Swanson v. Hill, 166 F. Supp. 296 (D.N.D. 1958)
September 30, 1958
Frank A. HILL and John H. Moore, Defendants.
Frances SWANSON, Plaintiff,
Frank A. HILL and John H. Moore, Defendants.
United States District Court D. North Dakota, Northeastern Division.
Daniel S. Letnes and James L. Hansen, Grand Forks, N. D., for plaintiffs.
Herbert G. Nilles and J. Gerald Nilles of Nilles, Oehlert & Nilles, Fargo, N. D., for defendants.
RONALD N. DAVIES, District Judge.
The plaintiffs, husband and wife, brought separate actions against the defendant surgeons, both of whom are specialists in their field, to recover damages for alleged malpractice said to have occurred incident to an abdominal operation performed by the defendants upon the plaintiff, Mrs. Swanson. The actions were consolidated for trial.
*297 The defendants were employed to, and did perform a serious surgical operation on the plaintiff, Frances Swanson, on December 9, 1954, at Grand Forks, North Dakota. Testimony disclosed that the surgery was performed in a competent and skillful manner and that Mrs. Swanson recovered from the operation in the normal course of events.
However, the evidence further disclosed that during the course of the surgery an instrument commonly described as a Kelly forceps, approximately 6½ inches long, was left in the patient's abdominal cavity.
The testimony indicated that the surgeons had made some search of the operating area, but because of the precarious condition of the patient, time was of the essence and they judged it absolutely necessary to complete the surgery as speedily as possible. The surgeons were supported in the use of this procedure by other expert medical testimony.
Subsequently, after Mrs. Swanson allegedly had undergone pain and suffering for some time, surgeons in another state by means of x-ray and examination discovered the Kelly forceps in her abdomen. The forceps had pierced the transverse colon. An operation was performed on February 22, 1956, and the forceps removed. These lawsuits followed and were tried to a jury which returned verdicts for the plaintiffs. The matter is now before the Court on defendants' motion for judgment notwithstanding the verdict or, in the alternative, for a new trial.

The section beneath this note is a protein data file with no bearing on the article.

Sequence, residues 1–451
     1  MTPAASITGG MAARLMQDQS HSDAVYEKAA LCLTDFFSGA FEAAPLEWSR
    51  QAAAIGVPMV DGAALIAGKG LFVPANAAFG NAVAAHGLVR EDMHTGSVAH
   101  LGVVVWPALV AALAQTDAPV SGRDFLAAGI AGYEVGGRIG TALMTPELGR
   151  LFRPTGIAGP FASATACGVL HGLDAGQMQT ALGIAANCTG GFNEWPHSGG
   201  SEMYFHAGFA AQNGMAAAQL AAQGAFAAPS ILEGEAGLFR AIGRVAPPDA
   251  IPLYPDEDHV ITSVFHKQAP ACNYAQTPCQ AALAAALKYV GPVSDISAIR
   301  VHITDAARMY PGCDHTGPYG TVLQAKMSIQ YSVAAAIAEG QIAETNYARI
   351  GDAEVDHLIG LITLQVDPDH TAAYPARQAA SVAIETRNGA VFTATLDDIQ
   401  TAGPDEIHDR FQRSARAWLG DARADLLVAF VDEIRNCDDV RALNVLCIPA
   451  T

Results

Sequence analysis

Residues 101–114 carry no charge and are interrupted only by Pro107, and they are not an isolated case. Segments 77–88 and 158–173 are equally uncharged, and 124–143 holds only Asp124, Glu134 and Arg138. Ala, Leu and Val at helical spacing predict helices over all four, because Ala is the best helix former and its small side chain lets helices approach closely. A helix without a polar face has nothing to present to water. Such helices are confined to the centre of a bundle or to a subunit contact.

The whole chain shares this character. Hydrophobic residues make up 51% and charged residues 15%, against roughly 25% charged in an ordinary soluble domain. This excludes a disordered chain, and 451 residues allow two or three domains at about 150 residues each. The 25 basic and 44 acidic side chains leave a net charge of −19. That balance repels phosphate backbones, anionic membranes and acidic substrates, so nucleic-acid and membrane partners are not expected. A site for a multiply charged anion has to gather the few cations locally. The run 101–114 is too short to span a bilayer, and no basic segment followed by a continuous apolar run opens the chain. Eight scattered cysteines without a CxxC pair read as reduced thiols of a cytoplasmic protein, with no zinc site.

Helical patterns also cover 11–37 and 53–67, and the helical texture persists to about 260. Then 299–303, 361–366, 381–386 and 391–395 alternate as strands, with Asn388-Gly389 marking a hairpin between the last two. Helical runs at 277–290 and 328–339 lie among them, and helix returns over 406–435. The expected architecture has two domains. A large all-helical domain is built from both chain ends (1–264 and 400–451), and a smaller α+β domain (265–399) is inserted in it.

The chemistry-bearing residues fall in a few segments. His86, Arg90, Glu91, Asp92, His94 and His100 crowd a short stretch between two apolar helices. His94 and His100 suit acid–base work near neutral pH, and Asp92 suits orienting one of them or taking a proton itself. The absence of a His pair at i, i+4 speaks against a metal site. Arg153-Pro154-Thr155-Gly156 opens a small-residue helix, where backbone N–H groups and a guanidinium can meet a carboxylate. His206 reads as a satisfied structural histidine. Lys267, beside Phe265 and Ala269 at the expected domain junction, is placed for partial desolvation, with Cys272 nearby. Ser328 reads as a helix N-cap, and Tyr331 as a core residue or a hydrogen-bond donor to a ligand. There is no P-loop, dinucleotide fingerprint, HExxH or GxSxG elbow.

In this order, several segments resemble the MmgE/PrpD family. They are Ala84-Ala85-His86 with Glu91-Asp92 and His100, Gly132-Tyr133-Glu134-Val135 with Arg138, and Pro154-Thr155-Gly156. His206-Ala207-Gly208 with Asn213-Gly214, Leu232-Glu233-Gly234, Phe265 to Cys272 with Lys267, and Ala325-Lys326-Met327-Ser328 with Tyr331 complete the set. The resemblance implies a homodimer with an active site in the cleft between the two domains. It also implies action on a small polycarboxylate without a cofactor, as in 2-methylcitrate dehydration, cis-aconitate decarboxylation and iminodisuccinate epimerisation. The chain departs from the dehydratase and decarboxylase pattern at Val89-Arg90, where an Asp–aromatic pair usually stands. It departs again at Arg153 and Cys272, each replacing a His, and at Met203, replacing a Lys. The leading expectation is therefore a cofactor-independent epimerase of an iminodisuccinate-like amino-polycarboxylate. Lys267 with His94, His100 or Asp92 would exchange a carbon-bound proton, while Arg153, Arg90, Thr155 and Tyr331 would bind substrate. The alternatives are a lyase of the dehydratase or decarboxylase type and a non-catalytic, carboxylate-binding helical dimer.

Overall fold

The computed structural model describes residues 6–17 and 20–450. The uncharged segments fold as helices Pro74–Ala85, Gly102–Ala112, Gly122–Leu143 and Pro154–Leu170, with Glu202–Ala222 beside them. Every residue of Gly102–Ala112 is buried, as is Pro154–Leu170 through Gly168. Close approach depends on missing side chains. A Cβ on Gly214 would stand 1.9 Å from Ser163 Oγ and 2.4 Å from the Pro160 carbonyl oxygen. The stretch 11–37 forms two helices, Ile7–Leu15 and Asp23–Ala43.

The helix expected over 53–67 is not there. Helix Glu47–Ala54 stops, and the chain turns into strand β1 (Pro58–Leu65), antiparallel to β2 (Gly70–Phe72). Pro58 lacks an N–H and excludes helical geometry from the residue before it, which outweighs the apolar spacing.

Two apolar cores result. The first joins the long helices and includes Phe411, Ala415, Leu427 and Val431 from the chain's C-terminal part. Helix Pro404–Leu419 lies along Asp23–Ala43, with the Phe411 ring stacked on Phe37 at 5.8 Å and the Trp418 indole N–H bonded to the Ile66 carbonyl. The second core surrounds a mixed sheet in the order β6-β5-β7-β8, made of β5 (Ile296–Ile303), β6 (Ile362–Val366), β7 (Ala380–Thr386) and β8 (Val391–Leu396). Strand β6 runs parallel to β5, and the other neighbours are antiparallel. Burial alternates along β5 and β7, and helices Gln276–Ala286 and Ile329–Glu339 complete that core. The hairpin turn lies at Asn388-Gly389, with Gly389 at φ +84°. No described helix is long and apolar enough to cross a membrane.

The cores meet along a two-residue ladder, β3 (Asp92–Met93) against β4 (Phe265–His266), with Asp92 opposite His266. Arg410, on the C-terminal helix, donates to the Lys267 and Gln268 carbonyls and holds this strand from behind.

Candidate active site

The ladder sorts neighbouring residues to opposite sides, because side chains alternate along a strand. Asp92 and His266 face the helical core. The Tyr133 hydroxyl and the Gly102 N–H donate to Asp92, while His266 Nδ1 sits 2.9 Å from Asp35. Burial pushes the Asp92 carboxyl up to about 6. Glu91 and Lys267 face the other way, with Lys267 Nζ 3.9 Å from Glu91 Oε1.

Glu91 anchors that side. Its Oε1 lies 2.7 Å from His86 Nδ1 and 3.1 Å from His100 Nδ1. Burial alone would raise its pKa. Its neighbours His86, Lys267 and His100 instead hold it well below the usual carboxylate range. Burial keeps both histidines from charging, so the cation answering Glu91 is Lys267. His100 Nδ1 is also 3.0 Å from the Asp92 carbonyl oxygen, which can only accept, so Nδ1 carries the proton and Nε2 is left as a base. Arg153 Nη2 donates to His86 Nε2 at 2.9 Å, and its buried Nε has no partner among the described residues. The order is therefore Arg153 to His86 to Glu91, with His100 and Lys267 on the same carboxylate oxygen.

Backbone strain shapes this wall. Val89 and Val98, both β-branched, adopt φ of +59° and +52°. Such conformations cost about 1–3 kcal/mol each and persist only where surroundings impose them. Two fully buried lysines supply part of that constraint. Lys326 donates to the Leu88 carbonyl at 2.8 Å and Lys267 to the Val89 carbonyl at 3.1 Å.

Counsel for the defendant surgeons have set out a number of grounds upon which they base their motion. Although all grounds have been carefully noted, only those considered germane to a determination of the motion will be discussed here.
This is not an action in which damages were sought after an operation in which the surgeons exercised the degree of skill and good practice required of them by all proper medical standards but, nevertheless, ended badly for the patient. The plaintiffs did not here complain of the result of the particular surgery performed on Mrs. Swanson by the defendant doctors. Surgeons are not guarantors of the results of surgery on their patients. The plaintiffs here did complain that negligence on the part of the defendants in failing to remove the Kelly forceps injured and damaged them, apart from any consideration of the successful surgery performed in the early morning hours of December 9, 1954. To state it plainly, the operation was a success, but the patient was still carrying a Kelly forceps in her abdomen.
It is strenuously urged that good surgical practice dictated that no search be made in the abdomen above the site of the incision for fear of adding shock and trauma to Mrs. Swanson's already serious condition and that all of the surgical practices, procedures and methods used, including the lack of a search in the upper abdomen and among the intestines, were accepted and approved practices by the medical profession in the community where the surgery was performed.